From Detroit: A Muslim man files $100M lawsuit against Dearborn Little Caesars over pizza labeled 'halal' and here -

The complaint says Mohamad Bazzi ordered halal pizza twice from the Dearborn, Mich., shop. The boxes were labeled "halal," but the pies inside were topped with regular pepperoni.

Majed Moughni, Bazzi's attorney, said he rushed to file the lawsuit Thursday, the eve of Ramadan, so no other Muslims would accidentally eat pork from the pizza shop during the holiday.

"It's really upsetting," Moughni said. "My clients want the public to know. Especially during Ramadan, it would be a travesty if Muslims ... in Dearborn bought pizza from Little Caesars and discovered they were eating pork."

He added that for a Muslim, consuming pork is "one of the worst sins you can do."

Jill Proctor, a spokeswoman for Little Caesars said in a statement that the company believes the claim "is without merit."


5/20/17

Was Benoît Mandelbrot Jewish?

Yes, Benoît Mandelbrot was a Jew. The Times obituary says he, "was born on Nov. 20, 1924, to a Lithuanian Jewish family in Warsaw. In 1936 his family fled the Nazis, first to Paris and then to the south of France..."  Wikipedia says that in France, "He was helped by Rabbi David Feuerwerker, the Rabbi of Brive-la-Gaillarde, to continue his studies." Mandelbrot is the Yiddish word for almond bread, the Jewish biscotti.

The Times says, "Dr. Mandelbrot coined the term 'fractal' to refer to a new class of mathematical shapes whose uneven contours could mimic the irregularities found in nature." Mandelbrot's discoveries profoundly influenced mathematics and the sciences and numerous disciplines beyond.

5/11/17

Is Stephen Colbert Jewish?

No Stephen Colbert is not a Jew.

The Deseret News reported 4-10-2014:
Stephen Colbert, the political comedian made popular on "Comedy Central," will be taking over for David Letterman as the host of CBS’ "The Late Show" once Letterman retires.

But Colbert is no ordinary host.

The late night comedian built himself up as a satirical political opinion character who rarely shows a normal side. The New York Times published an article in January 2012 that looked at the many sides of Colbert, including his connection to God through what his mother taught him.

“She taught me to be grateful for my life regardless of what that entailed, and that’s directly related to the image of Christ on the cross and the example of sacrifice that he gave us,” Colbert said to The Times. “What she taught me is that the deliverance God offers you from pain is not no pain — it’s that the pain is actually a gift. What’s the option? God doesn’t really give you another choice.”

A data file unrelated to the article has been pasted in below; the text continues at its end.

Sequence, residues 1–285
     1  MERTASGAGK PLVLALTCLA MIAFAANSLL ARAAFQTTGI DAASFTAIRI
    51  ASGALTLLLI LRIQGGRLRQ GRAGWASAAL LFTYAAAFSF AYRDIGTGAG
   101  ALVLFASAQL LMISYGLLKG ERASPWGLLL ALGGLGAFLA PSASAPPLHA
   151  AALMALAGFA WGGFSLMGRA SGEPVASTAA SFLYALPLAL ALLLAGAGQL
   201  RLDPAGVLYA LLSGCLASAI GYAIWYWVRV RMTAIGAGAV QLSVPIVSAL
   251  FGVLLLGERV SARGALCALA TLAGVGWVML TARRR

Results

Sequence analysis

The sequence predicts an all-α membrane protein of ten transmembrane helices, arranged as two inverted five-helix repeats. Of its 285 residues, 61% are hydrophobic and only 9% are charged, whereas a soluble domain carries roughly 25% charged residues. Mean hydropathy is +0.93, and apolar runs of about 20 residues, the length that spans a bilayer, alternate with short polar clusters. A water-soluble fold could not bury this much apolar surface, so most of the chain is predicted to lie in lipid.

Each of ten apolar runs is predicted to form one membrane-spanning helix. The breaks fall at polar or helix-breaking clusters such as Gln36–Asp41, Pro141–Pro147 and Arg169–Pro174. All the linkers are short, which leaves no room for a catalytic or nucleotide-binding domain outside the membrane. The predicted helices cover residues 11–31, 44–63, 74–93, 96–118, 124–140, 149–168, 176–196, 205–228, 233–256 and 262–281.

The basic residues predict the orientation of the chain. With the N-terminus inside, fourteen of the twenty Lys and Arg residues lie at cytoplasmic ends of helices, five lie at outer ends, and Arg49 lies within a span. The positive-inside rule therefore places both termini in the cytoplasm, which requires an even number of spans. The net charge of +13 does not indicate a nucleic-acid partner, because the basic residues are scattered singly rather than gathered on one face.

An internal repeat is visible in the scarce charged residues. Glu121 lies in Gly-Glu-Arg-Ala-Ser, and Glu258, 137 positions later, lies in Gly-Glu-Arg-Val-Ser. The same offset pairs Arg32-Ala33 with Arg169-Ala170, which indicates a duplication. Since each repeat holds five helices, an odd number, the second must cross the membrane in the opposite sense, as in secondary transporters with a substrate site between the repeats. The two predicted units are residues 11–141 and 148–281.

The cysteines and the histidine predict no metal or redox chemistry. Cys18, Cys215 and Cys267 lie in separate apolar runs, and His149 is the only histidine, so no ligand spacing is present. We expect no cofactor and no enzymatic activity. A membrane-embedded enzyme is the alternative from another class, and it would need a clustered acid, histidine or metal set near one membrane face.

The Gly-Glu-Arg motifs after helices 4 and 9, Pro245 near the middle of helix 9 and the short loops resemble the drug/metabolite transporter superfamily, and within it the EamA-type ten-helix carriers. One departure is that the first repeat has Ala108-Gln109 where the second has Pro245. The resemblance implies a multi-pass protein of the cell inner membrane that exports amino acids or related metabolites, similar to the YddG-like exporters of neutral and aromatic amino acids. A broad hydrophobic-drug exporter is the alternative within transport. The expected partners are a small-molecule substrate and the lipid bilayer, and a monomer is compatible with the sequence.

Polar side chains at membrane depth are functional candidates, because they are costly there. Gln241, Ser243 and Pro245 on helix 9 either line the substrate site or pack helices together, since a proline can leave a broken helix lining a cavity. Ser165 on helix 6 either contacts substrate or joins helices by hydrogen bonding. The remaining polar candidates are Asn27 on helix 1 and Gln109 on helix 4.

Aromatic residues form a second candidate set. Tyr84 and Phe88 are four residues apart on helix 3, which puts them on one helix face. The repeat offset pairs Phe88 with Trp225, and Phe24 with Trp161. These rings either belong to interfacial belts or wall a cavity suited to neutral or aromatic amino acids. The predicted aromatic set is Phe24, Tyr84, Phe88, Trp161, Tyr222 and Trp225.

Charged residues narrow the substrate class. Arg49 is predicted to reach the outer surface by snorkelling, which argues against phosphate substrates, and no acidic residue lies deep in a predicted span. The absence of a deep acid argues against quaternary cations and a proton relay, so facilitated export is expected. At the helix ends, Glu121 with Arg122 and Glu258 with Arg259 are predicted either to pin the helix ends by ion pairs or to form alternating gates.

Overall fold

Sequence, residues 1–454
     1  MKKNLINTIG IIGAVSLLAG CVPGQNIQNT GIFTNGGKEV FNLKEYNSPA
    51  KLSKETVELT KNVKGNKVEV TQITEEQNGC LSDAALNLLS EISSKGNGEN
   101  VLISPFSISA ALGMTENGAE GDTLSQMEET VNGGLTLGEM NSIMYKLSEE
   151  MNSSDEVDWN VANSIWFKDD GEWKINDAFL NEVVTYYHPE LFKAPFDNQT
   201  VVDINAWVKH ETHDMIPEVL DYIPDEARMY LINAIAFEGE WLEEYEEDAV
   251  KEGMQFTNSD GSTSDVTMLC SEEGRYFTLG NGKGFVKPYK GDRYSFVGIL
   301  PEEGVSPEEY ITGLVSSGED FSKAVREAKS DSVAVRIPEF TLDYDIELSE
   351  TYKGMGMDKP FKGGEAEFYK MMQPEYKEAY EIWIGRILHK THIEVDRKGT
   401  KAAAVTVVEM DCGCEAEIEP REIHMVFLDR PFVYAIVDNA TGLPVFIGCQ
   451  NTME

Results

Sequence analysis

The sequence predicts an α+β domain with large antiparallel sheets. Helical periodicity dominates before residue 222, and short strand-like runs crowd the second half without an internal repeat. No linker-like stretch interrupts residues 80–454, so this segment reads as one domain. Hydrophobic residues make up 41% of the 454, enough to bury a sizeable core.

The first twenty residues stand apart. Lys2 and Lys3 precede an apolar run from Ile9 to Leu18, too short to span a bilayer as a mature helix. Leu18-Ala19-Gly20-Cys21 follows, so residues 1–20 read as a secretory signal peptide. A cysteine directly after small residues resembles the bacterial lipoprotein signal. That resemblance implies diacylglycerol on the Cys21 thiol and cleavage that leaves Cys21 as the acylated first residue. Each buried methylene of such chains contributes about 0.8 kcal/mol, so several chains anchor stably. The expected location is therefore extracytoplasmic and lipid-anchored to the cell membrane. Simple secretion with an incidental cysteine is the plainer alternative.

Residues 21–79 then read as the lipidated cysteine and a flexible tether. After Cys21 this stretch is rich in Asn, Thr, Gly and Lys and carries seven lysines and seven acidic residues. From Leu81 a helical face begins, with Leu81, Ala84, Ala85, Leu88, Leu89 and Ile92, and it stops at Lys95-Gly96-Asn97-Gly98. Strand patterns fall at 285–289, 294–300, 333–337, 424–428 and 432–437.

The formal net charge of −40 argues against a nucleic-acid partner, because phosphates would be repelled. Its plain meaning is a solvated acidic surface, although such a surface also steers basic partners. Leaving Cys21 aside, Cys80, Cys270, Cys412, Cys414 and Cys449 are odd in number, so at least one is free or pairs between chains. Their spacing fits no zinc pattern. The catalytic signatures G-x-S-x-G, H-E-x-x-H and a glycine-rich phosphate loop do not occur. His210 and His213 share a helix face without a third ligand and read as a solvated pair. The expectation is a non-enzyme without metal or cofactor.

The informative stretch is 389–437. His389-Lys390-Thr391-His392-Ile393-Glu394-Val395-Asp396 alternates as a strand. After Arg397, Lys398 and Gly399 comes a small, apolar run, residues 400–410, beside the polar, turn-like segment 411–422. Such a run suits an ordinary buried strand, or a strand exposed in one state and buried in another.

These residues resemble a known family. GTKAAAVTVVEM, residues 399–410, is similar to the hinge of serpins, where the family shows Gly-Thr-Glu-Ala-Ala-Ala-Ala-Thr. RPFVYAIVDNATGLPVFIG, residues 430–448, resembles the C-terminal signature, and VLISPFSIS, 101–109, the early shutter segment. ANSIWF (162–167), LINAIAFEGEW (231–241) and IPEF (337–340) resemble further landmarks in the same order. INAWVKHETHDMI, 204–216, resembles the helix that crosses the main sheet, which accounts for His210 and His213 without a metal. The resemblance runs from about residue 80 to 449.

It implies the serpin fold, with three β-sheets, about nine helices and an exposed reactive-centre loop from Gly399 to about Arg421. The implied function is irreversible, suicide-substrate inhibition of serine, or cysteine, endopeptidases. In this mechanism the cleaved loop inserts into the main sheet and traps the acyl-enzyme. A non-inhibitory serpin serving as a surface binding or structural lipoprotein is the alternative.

Later in 2012, Colbert’s faith was brought up again by Splitsider, a news blog. Writer Marisa Carroll said Colbert is a devout Catholic, and when he spoke to 3,000 Fordham University students, it wasn’t the political commentator. Instead, it was a more religiously connected man.

"Instead of his pompous 'Report' character, the man on stage Friday night was Colbert the Sunday school teacher, bringing to life a bit of personal history previously reserved for magazine profiles,” Carroll wrote.

In more recent years, Colbert has let his religious side show through his jokes, according to The Los Angeles Times. No matter how side-splitting the jokes may be, or how in-character Colbert remains, the comedy host is still devoted to his religion and continues to follow his faith.

“The man, in reality and character, is a devout and out Catholic, observer of Lent and teacher of Sunday school,” wrote Mary McNamara for The Los Angeles Times. “Unlike other comedians of his persuasion — liberal though disguised as conservative — Colbert does not hide, ignore, downplay or make light of his faith.”  //reposted//

5/10/17

Is the Hullin Scroll the Oldest Talmud Manuscript Ever Found?

What is the oldest known Talmud scroll?
Scroll of tractate Hullin, Babylonian Talmud (CUL T–S MISC. 26.53.17), acknowledgment to Dr. S.C. Reif, Director of the Taylor-Schechter Genizah Research Unit at the Cambridge University Library, and the Syndics of the Library.

I was delighted in December, 2009 to hear Professor Shamma Friedman speak at a Talmud department seminar at JTS. He spoke about a controversial scholarly issue: whether Maimonides intended his Mishneh Torah to replace the Talmud.

This event reminded me of a Talmudic fact that Professor Friedman brought to light several years ago, i.e., that the Talmud was at an early time circulated in scroll form. He discussed this in his paper,  “An Ancient Scroll Fragment (Bavli Hullin 101a-105a) and the Rediscovery of the Babylonian Branch of Tannaitic Hebrew,” JQR 86:1 (1995), pp. 9–50.